Monday, February 11, 2013

Wagons, Wheels and Eating Disorders

This post is a little past its shelf life, but I figured I'd publish it up anyway.  On the tail of Angelo Coppola's remarks on Jimmy Moore's 10 Things Paleo needs to address so I can continue scamming off of "paleo" post -- blogged on here -- Emily Deans over at Evolutionary Psychiatry picked up on another aspect of Angelo's remarks.  If you missed it, the first post was Orthorexia in the Paleo/Primal Community, and she followed up with Orthorexia in the Paleo/Primal Community: Further Considerations.  If I have one general criticism it is that I'm not entirely sure Angelo was talking about orthorexia when he listed "Recognizing and addressing eating disorders among those who are trying Paleo approaches" among his suggestions countering Jimmy's.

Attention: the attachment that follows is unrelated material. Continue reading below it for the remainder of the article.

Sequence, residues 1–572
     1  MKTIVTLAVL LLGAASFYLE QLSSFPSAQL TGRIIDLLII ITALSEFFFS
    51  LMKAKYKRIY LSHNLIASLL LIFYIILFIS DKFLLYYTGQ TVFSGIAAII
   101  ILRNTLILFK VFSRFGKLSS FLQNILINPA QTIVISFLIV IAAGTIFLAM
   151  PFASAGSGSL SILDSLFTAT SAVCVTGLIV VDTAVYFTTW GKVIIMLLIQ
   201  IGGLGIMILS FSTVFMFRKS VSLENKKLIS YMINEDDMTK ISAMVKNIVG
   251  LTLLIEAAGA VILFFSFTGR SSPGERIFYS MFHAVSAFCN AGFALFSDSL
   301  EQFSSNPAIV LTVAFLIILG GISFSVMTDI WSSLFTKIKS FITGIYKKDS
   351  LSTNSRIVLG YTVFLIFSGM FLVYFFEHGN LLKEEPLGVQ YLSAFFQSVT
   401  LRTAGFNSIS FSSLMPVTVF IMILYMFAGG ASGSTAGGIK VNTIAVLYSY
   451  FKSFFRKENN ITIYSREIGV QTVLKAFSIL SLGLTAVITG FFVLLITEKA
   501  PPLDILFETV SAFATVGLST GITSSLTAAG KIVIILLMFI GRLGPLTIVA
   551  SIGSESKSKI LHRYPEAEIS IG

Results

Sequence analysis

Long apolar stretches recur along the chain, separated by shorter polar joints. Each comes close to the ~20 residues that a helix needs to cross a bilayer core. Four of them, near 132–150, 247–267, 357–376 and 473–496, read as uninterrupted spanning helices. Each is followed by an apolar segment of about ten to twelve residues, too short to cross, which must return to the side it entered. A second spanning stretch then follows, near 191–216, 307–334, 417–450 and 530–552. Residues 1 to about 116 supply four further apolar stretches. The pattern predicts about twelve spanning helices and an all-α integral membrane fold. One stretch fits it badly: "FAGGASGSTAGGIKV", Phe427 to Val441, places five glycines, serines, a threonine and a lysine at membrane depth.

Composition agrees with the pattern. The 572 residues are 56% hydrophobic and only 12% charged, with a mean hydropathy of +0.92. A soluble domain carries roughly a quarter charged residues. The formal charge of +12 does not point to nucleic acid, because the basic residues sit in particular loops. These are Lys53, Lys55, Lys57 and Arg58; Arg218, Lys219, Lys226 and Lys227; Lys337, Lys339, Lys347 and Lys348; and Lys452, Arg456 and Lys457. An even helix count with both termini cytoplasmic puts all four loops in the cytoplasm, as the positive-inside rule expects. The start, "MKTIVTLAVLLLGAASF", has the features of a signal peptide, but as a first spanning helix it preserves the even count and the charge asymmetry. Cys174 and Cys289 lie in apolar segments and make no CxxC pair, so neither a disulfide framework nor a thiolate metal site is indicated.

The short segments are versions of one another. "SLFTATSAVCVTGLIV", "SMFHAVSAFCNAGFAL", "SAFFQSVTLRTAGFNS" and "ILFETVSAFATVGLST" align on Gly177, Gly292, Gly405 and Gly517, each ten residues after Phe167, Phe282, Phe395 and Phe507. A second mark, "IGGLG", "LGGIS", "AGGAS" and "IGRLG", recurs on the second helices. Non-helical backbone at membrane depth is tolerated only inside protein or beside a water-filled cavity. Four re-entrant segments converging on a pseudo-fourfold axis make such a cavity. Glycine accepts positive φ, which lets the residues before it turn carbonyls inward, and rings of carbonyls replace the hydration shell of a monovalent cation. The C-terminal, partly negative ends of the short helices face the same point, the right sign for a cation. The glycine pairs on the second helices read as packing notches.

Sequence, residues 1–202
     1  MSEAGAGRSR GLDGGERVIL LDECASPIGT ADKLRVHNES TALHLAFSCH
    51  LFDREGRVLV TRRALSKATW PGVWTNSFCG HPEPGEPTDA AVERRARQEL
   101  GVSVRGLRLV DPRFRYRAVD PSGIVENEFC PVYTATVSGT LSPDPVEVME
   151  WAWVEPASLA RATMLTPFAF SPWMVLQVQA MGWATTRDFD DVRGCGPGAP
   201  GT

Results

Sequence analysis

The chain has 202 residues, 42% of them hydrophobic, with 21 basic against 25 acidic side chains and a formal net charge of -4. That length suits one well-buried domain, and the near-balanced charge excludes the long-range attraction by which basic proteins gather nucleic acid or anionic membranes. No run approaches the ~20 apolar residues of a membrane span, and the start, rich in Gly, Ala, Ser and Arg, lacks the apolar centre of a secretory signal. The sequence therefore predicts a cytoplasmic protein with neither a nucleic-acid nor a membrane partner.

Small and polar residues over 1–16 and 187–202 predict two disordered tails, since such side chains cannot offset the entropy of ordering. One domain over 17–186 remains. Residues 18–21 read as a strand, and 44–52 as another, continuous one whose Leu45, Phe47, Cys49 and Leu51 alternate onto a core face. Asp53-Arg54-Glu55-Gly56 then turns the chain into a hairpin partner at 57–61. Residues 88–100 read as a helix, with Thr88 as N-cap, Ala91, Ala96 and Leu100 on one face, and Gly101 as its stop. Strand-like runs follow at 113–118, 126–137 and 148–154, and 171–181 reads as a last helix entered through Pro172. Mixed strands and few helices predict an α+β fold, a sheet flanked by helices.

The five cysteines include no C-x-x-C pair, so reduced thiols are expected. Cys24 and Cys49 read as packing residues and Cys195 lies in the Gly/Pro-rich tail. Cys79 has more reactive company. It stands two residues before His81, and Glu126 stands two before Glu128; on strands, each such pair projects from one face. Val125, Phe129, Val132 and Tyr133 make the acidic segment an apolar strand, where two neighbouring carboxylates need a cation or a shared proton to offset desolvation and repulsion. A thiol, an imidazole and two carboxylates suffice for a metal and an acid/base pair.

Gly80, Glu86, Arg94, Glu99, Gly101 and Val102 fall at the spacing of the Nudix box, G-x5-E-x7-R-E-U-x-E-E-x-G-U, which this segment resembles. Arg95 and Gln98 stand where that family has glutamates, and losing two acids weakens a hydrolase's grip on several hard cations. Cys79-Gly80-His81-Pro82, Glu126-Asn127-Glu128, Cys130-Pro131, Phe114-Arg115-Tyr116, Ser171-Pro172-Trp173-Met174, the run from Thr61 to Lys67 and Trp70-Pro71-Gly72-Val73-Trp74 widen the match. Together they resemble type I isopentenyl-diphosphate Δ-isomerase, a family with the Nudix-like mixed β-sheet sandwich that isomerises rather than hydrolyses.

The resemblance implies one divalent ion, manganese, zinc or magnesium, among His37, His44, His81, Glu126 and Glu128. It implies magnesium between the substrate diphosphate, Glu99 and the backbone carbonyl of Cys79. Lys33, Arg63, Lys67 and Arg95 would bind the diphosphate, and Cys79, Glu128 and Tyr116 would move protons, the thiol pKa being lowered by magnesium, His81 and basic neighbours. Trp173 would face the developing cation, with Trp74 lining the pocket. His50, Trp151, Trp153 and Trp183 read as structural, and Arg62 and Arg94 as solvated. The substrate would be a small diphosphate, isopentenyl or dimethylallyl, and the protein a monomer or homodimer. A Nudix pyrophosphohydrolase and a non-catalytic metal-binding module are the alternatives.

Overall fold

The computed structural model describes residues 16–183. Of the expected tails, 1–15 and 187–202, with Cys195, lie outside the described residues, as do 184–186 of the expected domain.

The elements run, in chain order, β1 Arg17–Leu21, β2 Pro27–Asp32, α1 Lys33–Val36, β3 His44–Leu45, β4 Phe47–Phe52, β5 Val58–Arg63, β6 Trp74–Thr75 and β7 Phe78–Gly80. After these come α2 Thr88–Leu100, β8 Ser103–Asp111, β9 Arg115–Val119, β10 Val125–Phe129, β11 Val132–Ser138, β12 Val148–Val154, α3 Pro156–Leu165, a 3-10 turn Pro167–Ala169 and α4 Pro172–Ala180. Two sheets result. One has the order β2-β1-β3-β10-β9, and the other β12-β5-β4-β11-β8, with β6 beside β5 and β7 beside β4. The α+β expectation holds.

So while they are excellent posts, I fear the focus on the more controversial orthorexia overshadows what I see/saw quite frequently -- the development of binge eating disorders.  I'm not so worried about the orthorexics so long as they don't sanctimoniously lecture me about my supposed addictions and failings or inflict their diets and dogma too stringently on their children.  And even those who do, hopefully there are people in real life looking out for those kids, because the internet really isn't the forum to discuss such matters constructively.  No, I'm more concerned for those who previously ate "normally" who now binge frequently and seek assistance breaking the cycle.  It's the people continually falling off the wagon or having the wheels coming off their wagons, hence the title of this post, that I think of when someone mentions the lack of attention to ED in the community.  Whether or not this is what Angelo was referring to or it was orthorexia I don't know.  Both need to be addressed, IMO, but when I hear "eating disorders" I can't help but think bulimia and to a lesser extent anorexia in the Incestral Health Community.  (I won't address anorexis in the remainder of this post, except to say there are some fairly prominent folks in the IHC who may possibly be.  Also, for some reason paleo seems to attract a cadre of recovering anorexics whose specific needs possibly tenuous states are often ignored when blanket advice is being doled out.)
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